Sunday, 5 May 2019

On or about July 2016 human character changed

“On or about December 1910, human character changed” 
So Virginia Woolf wrote. Sherelle Jacobs quotes her in a good article in yesterday's Daily Telegraph.

She talks of herbivores who worry about climate change and carnivores who worry about immigration. These terms, I believe, were invented by Paul Addison in his magisterial book 'The Road to 1945'. 

In the 1940s the herbivores were sympathetic and mild, lovely in fact. Essentially they were the old Liberals made homeless by the sidelining of their party. They manned the BBC then as now, although modern herbivores would disapprove of the word 'manned'. They are to blame, however, for much of modern England, Thatcherite economics aside.

Virginia Woolf was not talking about lack of servants, as Sherelle Jacobs thinks, but possibly the post-impressionist exhibition in London. Whatever. Human nature does not change but the world we or they construct changes out of recognition and sometimes the rate of change suddenly speeds up dramatically. It did in 1910-1914 and it has in the last few years, due to the effects of the existential threat to Western European countries from mass immigration, the financial crisis of 2008, and the Brexit referendum result. 

We are in a revolutionary moment, like 1910-14, 1962-66 or for Eastern Europe 1989 and its aftermath. Everything has changed, as Charles Moore keeps repeating in his articles. 

Remember, as the continued existence of the Tory party seems in doubt, the words of one of the greatest Tories, Disraeli.
The unexpected always happens.
Sherelle Jacobs says:

Aspiring individualists think in terms of “forwards” and “up” (their personal achievements, or the progress of a society), but the dynamics of the modern world are “inwards” and “outwards”; while life increasingly retreats online, elites extol the virtues of standardised globalisation.

Which is why delivering Brexit – onwards progress without the outwards pan-Europeanism – has become such an electrifyingly symbolic, almost quasi-spiritual act. And why the failure to guide us out of the EU feels like such a deep philosophical and emotional betrayal. Unless the Tories boot May out now and take us out of the EU on World Trade Organisation terms, voters will permanently desert them – not out of blind anger, but lucid realisation that the party is an obstacle to, not a vehicle for, their effective political representation.
Some say: don’t write off a comeback for cautious conservatism. But coming from the calamitously incompetent Tories, the idea of “pragmatism over principle” lacks thrust. Besides, May’s botched Brexit has proved a spectacular study in centrism’s gaping deficiencies.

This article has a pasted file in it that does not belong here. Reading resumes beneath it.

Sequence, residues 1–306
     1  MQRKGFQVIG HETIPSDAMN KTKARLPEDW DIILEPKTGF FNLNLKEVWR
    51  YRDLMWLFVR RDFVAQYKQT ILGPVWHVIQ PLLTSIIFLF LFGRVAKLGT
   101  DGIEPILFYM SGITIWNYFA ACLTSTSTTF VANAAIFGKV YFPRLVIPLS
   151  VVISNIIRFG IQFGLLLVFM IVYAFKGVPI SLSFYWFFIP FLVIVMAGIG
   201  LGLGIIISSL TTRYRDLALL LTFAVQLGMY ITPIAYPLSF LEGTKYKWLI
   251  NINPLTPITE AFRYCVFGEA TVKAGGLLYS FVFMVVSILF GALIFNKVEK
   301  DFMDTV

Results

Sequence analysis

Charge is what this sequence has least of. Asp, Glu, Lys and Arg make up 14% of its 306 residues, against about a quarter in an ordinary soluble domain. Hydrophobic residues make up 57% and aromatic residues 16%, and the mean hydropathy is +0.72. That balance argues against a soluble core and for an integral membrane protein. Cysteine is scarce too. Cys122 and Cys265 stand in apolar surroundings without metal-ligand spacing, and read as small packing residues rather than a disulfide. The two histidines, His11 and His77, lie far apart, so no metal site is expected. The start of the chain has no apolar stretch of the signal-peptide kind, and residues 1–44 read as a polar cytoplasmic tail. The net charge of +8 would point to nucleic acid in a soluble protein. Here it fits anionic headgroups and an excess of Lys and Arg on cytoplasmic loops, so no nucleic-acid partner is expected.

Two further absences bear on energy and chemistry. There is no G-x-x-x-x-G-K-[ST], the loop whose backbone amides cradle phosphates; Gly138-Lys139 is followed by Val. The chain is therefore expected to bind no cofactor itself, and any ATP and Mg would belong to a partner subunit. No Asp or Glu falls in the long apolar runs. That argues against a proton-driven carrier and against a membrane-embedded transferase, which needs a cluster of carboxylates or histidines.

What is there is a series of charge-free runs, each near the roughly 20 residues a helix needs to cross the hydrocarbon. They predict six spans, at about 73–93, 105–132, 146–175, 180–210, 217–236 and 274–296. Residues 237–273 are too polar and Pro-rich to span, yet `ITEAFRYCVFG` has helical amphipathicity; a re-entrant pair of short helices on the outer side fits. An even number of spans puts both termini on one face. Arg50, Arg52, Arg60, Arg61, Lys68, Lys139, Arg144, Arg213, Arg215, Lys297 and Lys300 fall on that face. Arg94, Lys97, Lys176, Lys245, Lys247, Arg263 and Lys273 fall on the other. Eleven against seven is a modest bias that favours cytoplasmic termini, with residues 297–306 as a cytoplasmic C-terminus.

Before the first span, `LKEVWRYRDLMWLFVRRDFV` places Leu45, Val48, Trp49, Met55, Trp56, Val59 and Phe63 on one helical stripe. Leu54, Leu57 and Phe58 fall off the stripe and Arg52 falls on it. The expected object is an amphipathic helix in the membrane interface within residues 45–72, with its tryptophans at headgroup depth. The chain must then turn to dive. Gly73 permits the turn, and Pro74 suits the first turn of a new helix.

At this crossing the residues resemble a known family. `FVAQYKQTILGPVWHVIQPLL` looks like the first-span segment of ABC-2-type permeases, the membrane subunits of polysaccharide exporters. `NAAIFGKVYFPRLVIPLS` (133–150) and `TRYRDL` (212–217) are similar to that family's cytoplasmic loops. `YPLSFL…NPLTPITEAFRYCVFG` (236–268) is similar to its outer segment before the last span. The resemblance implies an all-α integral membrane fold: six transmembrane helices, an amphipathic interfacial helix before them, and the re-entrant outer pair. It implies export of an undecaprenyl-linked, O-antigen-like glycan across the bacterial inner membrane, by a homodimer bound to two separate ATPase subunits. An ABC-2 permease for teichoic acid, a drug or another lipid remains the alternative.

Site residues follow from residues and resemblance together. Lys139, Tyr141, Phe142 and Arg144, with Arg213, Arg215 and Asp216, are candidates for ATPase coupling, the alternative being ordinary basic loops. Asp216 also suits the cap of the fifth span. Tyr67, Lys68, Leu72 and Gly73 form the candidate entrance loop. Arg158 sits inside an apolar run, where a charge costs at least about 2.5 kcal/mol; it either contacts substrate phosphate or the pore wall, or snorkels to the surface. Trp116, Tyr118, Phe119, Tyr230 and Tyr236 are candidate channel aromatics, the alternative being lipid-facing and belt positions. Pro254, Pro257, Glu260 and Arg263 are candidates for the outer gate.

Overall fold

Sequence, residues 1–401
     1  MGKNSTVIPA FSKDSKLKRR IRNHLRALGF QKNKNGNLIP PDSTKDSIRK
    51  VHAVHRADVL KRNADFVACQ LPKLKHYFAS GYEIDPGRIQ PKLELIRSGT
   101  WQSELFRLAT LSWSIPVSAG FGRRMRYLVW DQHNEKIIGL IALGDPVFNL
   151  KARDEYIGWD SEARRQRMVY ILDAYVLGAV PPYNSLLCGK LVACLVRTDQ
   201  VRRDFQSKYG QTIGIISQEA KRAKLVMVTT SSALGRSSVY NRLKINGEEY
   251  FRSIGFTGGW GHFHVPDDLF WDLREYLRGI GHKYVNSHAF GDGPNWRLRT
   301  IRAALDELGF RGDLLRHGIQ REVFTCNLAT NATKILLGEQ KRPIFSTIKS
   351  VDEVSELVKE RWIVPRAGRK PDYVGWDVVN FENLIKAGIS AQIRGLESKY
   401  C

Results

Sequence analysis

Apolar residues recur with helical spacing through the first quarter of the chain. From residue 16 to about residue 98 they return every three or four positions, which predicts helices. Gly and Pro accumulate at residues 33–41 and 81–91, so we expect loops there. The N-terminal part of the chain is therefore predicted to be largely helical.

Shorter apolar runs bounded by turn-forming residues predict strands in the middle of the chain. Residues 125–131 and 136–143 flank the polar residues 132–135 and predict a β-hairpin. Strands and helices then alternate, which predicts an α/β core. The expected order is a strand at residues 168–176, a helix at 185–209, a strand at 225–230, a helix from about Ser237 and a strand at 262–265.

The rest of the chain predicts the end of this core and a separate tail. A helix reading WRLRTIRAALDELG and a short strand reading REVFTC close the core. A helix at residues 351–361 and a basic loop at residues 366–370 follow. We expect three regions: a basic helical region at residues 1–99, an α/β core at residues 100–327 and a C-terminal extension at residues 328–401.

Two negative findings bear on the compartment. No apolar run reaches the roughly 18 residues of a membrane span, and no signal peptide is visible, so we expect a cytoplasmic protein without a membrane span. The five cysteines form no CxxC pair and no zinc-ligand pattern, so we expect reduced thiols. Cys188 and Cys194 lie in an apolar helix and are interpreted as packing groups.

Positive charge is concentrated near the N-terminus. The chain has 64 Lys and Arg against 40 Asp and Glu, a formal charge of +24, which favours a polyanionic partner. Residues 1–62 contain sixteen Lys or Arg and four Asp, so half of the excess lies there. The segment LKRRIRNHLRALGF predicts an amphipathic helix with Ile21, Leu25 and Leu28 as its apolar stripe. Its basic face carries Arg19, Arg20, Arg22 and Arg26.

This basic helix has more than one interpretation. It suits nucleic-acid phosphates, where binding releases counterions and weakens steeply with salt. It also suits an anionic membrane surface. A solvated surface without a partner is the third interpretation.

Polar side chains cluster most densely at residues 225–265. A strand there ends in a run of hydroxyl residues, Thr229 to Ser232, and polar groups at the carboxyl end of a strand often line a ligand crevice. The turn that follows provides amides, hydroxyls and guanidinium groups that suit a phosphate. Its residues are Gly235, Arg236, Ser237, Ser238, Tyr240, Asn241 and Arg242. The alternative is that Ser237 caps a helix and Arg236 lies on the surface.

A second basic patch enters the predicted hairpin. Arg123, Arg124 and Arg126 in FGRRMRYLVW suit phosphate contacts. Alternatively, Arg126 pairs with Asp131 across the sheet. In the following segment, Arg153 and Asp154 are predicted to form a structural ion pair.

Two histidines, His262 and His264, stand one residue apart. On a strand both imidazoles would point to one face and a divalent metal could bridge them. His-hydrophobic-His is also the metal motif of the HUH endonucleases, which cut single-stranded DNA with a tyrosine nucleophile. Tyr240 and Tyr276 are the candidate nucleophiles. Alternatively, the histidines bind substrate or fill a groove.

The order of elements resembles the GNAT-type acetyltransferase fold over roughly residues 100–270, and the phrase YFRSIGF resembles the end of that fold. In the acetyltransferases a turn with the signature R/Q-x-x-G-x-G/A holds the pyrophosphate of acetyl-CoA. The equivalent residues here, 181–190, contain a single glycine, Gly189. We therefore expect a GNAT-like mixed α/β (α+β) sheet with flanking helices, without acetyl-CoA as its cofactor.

I know very well how difficult it is for a third party to break through in the British first past the post electoral system. I remember how people thought the SDP would finish off Labour when I was at university. Sir Ian Gilmour, who had recently been sacked from the cabinet, told me at a dinner in Cambridge in 1982 that most Tory seats would be lost to the new party. This was a common view then.

The Tories are not finished if they do not split, but they well might.

But what is the point of voting for them if they do not stand for the nation, for social conservatism or economic liberalism and are not competent at running the economy or the Queen's government? 

The only point is keeping out Jeremy Corbyn. Always keep a-hold of Nurse, for fear of finding something worse.

The majority of academics, journalists and opinion formers do not understand what is happening. This is because they do not understand or sympathise with the reaction of the man in the street to the end of ancient nation states, that are in essence ethnic states, and their replacement with immigrant societies held together by liberal values. 

The same goes for the the end of democracy that is implied by being in the European Union and by the huge amount of international law that now exists. 

International law is, of course, the enemy of democracy.

Each country in the rich world is losing its identity and Europeans will not permit this, whatever the Pope and the bishops say. Even the Germans in the end will not stand for it, though they will be last to change their minds about mass migration, for historical reasons.

This should be obvious but it is not, not to most clever people. Historians will one day explain why it is not obvious now to intellectuals, historians included. I wish I knew what the explanation is. 


  1. 'This should be obvious, but it is not to most clever people.'

    ...too clever by half?

  2. Replies
    1. Can't wait for the 'Quotes' post... Check this out:

      The Sublime, wherever it occurs, consists in a certain loftiness and excellence of language, and that it is by this, and this only, that the greatest poets and prose-writers have gained eminence, and won themselves a lasting place in the Temple of Fame. A lofty passage does not convince the reason of the reader, but takes him out of himself. That which is admirable ever confounds our judgment, and eclipses that which is merely reasonable or agreeable. To believe or not is usually in our own power; but the Sublime, acting with an imperious and irresistible force, sways every reader whether he will or no. Skill in invention, lucid arrangement and disposition of facts, are appreciated not by one passage, or by two, but gradually manifest themselves in the general structure of a work; but a sublime thought, if happily timed, illumines an entire subject with the vividness of a lightning-flash, and exhibits the whole power of the orator in a moment of time.

      It is natural in us to feel our souls lifted up by the true Sublime, and, conceiving a sort of generous exultation, to be filled with joy and pride, as though we had ourselves originated the ideas which we read.

      Treatise on the Sublime